the peace I have found,
and to finally now speak about it with peace
and total fire you must understand

this is the time
where I am trying to tell you
what I have not quite yet figured out
how to say,

and this is the time
where we need to learn what being
‘happy’ means,
but more importantly learn to believe
is possible.

I have traded in the goods for the
farm land,

I have seen our world and
I am not afraid
to face it.

There is a pasture full
of dog farts.

Sometimes it isn’t funny but sometimes it has to be.

Day after day after day after day
and here we are


I want to post this, because at the time, it clearly meant so much to me.  Looking back … it’s alright.  It’s not bad, but man, it was something.  This was the operating structure of The Filtered Press – or something like that.  Back when businesses had a “Mission Statement”, this was mine.  Just for a point of a reference, Google’s was “Don’t Be Evil”.  So, we are all beginning to see how that turned out.

All that being said, I still agree with most of most of mine, I think.  To be honest, I am not even re-reading it before copy-pasting it here again.  I think it’s important to share as is and hopefully (likely) I will regret it and revisit soon.


The last of the strawberries have long vanished the vine. The air has gone from balmy to brisk and the slime between eyes and screens has turned crusty. Perhaps wireless waves short-circuited brainwaves. One cannot be sure when the upstairs fog set in, but there is now a haziness that hangs like vapid negligence in our communal electricity.

Technology, as many stick-in-the-mud-skeptics have predicted for years, (while I have hated them for saying it, favoring ingenuity in any form to industrial stagnancy), has replaced, or at least severely distracted, the formation and purpose of self-assured thought.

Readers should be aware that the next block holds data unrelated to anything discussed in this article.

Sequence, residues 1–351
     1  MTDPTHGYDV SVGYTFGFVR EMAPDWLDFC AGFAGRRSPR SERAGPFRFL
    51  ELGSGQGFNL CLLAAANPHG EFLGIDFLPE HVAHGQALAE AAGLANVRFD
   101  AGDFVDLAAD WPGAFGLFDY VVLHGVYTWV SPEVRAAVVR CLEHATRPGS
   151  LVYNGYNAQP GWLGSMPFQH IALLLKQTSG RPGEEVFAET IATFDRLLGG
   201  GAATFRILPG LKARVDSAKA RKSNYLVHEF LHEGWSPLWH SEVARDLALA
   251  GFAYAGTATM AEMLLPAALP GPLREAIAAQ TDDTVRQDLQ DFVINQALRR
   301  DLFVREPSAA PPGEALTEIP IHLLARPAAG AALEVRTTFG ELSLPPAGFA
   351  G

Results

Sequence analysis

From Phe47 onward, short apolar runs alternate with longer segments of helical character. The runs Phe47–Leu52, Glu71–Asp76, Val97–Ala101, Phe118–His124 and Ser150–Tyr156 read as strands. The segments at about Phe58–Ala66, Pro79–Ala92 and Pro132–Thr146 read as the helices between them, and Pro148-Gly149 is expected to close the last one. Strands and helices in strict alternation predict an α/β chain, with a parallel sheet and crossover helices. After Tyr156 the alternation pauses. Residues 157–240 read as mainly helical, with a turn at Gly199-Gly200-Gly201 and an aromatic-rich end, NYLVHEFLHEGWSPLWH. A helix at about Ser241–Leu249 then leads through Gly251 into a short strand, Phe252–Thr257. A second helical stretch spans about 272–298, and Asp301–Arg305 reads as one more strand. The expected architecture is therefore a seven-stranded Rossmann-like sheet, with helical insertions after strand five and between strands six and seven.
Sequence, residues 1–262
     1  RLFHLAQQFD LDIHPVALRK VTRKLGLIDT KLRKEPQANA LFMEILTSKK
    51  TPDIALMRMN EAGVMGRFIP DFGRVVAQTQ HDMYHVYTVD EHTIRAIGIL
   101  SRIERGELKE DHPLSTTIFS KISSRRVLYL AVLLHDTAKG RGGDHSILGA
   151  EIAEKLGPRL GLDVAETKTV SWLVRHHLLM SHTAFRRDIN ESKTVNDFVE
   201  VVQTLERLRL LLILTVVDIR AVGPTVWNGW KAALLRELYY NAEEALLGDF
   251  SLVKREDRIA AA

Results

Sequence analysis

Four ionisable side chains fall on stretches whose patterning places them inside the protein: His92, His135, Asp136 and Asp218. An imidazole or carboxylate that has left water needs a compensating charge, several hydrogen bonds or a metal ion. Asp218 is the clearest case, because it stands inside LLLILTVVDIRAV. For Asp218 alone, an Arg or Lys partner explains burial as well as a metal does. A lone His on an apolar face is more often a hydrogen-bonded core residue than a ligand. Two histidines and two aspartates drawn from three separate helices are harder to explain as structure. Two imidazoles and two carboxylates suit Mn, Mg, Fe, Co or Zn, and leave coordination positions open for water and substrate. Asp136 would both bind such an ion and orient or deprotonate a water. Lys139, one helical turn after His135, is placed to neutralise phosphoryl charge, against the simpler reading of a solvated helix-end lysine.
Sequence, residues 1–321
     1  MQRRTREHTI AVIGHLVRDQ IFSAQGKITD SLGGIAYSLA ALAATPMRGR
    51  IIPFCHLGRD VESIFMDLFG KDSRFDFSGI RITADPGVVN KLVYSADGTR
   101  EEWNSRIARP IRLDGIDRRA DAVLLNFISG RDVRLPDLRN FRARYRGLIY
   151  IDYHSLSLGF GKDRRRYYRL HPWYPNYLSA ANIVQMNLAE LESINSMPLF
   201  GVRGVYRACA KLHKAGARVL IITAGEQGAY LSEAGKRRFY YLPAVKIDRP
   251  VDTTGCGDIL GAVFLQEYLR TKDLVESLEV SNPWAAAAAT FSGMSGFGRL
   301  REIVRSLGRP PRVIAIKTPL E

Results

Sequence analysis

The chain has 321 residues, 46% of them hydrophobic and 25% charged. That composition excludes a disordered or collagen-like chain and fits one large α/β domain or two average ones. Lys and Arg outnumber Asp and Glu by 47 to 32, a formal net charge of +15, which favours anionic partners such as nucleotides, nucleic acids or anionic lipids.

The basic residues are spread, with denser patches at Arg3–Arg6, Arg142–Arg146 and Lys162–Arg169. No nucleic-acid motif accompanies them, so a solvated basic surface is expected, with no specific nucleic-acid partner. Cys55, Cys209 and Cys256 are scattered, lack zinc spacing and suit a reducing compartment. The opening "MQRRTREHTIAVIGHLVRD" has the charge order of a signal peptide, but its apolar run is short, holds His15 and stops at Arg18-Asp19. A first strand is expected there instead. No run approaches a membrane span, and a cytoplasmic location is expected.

Commercial products whose basic components were originally formed through genuine curiosity, practical improvement and thirst for innovation have been perverted to seek complacency and comfort, and society is quickly adopting the side effects of this goal.

Green faces of presidents past are the fetter that binds our feet to the concrete and our hands to the assembly line, allowing us to stretch but never fly. Meanwhile politics are a cacophony of spectacle, strategically disguised in celebrity endorsement, back-room sex, and corporate ideology to keep the cycle in motion.

The quest for holistic understanding has left us perpetually unsatisfied. To enlighten fully, one must devoid all concepts of status and importance, giving equal value to every perception and thereby deflating the purpose of any purpose, resulting in the circular logic of hypocritical self doubt.

Confidence cannot be found when an opinion cannot be formed, and an opinion cannot be formed when an idea is relative only to itself. Upon realizing any solution is futile, a goldfish will no longer question his bowl, accepting his relativity to the scope of his glass walls. A goldfish will never feel significant. But in his blissful ignorance, he will cheerfully chase bubbles until he is flushed.